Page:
Sure did, no joy. (And I thought it had to be a GPO at first too.) The only things under Computer Configuration -> Administrative Templates -> Network are BITS, SNMP and Network Connections (for Windows firewall settings). –  HopelessN00b Jul 6 '12 at 14:45
1  
Tried scanning for rogue DHCP servers? –  Chris McKeown Jul 6 '12 at 14:49
    
Yup, no joy there either. And the clients were all listing their DHCP server as one of the two DHCP servers for that site, so I'm pretty sure that rules out that. :/ –  HopelessN00b Jul 6 '12 at 14:50
    
Could it be your antivirus software forcing the DNS addresses? –  Bad Dos Jul 6 '12 at 17:30

2 Answers 2

up vote 2 down vote accepted

We had a similar situation with both dns and domain suffix from dhcp reverting... please note that this only affected win7 machines, the error could not be reproduced on win8, ubuntu, ios nor android.

Long story short, this was solved by a simple reconfiguration at the dhcp:

Faulty:

subnet 10.20.6.0 netmask 255.255.254.0 {
        pool {
                allow members of "SomeGroup";
                range 10.20.6.10 10.20.7.254;
                option domain-name-servers 10.1.1.10, 10.1.1.11;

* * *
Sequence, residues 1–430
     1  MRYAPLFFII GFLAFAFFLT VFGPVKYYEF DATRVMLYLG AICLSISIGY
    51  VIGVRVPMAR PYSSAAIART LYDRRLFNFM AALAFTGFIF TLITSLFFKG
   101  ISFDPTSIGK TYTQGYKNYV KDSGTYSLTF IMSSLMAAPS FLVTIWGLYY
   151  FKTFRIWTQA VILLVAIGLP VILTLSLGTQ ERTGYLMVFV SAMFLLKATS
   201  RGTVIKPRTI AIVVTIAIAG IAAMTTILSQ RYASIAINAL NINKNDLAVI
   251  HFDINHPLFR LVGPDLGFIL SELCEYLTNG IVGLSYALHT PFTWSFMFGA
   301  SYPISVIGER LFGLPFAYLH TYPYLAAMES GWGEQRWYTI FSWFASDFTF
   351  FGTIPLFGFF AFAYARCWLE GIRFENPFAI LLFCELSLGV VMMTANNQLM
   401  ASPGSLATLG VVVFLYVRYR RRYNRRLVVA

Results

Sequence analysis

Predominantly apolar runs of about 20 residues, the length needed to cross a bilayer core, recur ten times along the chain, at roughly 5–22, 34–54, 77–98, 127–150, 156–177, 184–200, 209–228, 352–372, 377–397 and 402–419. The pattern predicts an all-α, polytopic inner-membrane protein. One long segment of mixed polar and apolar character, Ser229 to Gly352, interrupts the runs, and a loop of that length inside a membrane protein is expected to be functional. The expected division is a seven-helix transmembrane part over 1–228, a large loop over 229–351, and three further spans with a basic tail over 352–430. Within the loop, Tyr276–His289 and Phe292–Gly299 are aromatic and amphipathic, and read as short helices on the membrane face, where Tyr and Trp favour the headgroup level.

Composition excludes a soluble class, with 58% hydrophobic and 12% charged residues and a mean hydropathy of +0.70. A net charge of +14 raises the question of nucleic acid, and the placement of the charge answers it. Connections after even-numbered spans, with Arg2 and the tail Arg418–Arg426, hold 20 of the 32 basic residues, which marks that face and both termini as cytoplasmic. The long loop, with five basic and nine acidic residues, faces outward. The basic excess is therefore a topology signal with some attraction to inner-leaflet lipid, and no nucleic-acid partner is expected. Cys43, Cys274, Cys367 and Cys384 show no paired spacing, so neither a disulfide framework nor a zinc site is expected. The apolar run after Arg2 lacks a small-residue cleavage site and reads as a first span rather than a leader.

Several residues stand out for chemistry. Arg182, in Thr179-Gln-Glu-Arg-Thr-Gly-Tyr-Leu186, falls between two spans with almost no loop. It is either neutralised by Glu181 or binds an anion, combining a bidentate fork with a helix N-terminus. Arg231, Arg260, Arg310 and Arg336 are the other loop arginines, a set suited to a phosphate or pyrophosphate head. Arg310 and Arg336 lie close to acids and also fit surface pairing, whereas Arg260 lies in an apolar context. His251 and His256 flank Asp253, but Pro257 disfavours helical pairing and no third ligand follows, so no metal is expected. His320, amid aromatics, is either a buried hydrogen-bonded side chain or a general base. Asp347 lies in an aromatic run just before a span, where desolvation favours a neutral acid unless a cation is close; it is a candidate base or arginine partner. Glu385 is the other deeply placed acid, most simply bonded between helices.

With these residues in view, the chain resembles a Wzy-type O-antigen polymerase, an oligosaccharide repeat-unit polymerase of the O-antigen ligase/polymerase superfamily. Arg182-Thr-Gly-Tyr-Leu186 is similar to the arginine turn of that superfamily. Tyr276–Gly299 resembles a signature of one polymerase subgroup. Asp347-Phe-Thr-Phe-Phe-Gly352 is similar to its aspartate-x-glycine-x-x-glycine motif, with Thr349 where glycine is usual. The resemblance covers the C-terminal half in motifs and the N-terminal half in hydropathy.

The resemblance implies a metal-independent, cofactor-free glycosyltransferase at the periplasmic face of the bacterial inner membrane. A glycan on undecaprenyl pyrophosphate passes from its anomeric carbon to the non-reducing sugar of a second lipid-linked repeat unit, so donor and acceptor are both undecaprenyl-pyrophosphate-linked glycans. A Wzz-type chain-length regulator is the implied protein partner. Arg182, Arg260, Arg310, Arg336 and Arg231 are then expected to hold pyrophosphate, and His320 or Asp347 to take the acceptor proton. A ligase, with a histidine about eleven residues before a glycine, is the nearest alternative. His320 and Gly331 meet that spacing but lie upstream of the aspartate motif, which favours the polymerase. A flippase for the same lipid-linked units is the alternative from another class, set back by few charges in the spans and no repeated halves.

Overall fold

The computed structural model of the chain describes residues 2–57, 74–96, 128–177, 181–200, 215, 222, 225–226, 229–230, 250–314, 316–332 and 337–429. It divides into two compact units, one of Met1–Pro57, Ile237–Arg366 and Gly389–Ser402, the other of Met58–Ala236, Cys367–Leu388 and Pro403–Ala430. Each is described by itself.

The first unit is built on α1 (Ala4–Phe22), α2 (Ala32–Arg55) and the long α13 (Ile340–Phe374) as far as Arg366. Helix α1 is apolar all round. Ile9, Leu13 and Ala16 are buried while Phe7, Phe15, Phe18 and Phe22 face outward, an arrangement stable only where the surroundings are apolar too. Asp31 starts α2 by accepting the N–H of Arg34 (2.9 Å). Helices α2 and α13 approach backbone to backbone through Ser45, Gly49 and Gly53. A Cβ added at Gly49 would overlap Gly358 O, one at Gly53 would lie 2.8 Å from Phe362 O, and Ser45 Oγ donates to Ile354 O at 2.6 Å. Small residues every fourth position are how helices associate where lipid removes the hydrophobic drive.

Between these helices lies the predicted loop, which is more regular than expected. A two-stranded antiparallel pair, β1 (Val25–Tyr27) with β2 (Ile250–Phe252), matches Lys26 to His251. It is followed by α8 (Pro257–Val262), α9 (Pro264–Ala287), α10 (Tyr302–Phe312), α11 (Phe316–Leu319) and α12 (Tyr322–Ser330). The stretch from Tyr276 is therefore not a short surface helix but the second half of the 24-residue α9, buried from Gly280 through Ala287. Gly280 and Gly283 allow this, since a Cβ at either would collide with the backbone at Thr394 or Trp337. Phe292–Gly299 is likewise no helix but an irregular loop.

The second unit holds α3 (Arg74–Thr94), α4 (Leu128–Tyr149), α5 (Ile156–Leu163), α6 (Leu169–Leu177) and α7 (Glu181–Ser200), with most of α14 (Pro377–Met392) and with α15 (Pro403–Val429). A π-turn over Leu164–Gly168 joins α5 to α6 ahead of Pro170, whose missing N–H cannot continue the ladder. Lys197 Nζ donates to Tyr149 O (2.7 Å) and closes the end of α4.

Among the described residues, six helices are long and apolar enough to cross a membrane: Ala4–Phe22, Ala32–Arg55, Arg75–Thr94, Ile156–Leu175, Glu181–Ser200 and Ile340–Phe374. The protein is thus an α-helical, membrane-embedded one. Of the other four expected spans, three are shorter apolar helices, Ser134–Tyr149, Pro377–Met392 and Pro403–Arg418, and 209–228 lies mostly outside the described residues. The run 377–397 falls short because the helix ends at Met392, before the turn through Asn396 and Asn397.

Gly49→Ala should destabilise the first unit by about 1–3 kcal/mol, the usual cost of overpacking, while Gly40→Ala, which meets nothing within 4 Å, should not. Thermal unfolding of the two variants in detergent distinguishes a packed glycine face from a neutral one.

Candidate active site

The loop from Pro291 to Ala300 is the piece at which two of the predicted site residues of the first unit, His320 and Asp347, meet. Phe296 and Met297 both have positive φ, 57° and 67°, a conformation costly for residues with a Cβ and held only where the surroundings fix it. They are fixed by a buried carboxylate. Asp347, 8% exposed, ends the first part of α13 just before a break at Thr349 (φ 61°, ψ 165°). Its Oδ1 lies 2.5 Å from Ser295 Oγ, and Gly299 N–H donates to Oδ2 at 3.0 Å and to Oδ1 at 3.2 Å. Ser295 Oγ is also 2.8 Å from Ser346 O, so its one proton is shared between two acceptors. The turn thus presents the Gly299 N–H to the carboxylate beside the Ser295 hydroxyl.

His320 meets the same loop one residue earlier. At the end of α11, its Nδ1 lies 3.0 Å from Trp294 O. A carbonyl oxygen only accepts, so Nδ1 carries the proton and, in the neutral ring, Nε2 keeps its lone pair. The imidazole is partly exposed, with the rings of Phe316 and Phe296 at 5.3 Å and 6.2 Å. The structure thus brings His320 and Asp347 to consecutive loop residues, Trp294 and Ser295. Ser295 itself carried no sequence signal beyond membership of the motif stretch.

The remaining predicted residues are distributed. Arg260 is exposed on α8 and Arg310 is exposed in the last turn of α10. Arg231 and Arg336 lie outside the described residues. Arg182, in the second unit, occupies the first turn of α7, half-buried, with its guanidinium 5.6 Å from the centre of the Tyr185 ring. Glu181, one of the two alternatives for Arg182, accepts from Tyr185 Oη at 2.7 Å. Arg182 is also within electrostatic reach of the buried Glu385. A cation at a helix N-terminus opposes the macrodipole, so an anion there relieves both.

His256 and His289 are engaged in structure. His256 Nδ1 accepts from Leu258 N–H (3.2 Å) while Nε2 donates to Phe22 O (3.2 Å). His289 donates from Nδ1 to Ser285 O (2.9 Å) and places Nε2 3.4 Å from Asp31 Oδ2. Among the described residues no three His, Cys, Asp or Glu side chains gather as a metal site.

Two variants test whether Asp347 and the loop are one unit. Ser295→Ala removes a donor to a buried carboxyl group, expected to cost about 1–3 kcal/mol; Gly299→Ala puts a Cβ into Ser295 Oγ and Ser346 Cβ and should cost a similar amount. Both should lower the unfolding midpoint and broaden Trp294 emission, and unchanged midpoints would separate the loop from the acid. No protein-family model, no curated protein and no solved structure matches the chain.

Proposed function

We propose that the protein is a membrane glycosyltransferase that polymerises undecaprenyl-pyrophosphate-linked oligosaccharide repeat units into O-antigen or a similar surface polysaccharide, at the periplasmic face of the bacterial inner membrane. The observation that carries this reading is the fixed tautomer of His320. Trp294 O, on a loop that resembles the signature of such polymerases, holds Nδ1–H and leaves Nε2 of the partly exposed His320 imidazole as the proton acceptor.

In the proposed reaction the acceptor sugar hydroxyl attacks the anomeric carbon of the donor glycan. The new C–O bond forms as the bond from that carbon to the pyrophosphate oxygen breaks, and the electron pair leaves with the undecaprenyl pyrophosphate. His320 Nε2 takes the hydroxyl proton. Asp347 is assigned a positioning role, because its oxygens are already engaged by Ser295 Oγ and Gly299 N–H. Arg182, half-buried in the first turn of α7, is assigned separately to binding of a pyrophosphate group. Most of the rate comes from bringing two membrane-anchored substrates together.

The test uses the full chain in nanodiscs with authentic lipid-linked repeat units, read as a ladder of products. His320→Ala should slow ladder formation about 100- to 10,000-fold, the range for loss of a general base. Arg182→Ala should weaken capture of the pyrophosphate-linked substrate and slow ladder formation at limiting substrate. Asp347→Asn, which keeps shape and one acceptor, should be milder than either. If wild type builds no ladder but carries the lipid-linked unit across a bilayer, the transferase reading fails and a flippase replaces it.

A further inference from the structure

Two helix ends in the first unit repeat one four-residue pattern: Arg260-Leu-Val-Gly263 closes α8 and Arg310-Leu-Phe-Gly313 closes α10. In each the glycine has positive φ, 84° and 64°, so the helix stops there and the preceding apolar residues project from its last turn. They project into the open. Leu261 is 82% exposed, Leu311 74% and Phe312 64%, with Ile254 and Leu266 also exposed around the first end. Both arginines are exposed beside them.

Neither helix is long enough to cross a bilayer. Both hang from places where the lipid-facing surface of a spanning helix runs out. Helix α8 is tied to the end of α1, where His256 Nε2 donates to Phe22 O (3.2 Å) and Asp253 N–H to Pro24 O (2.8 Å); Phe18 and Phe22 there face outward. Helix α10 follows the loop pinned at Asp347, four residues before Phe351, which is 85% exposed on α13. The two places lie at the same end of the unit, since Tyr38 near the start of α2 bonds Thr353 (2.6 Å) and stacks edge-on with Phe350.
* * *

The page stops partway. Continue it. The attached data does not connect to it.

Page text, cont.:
option domain-name "domain.lan";
                option routers 10.20.6.1;
                }
}

Working

subnet 10.20.6.0 netmask 255.255.254.0 {
        option domain-name-servers 10.1.1.10, 10.1.1.11;
        option domain-name "domain.lan";
        pool {
                allow members of "SomeGroup";
                range 10.20.6.10 10.20.7.254;
                option routers 10.20.6.1;
                }
}
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Interesting. The problem's vanished, but I'll take a look to see if it might be a similar problem. Thanks! –  HopelessN00b Mar 19 '13 at 14:29

I'm a little late to the party here, but thought I'd drop this off in case someone searching this issue gets to this site. I've been researching this problem to try to get a better understanding of how this works.

I found this problem at one of my remote sites, the DHCP server in ipconfig was correct, but issuing the wrong DNS servers. No GPO, no local policy, no login script, no other active DHCP servers on-site.

We had replaced the DHCP/DNS server on-site (a 2003 server), disabled the old scope, and un-authorized the server. The new server (2008) was happily issuing DHCP leases, but occasionally I'd see the old DNS servers in the client leases. This caused some problems.

Without going into the long troubleshooting process, I'll just drop the answer. It seems that disabling and un-authorizing a 2003 (possibly also 2000 server if you still have one) server's DHCP scope and server aren't enough. For some reason, the old scope options are still issued somehow from the new DHCP server even if you've never set those options on the new server.

I can't tell you how that happens, and you'll see no DHCP traffic on your network from the old server. It's just weird, but completely removing the DHCP role from the old server fixed this issue in my network and, as I've found in my research, others have had success with this solution as well.

Good Luck!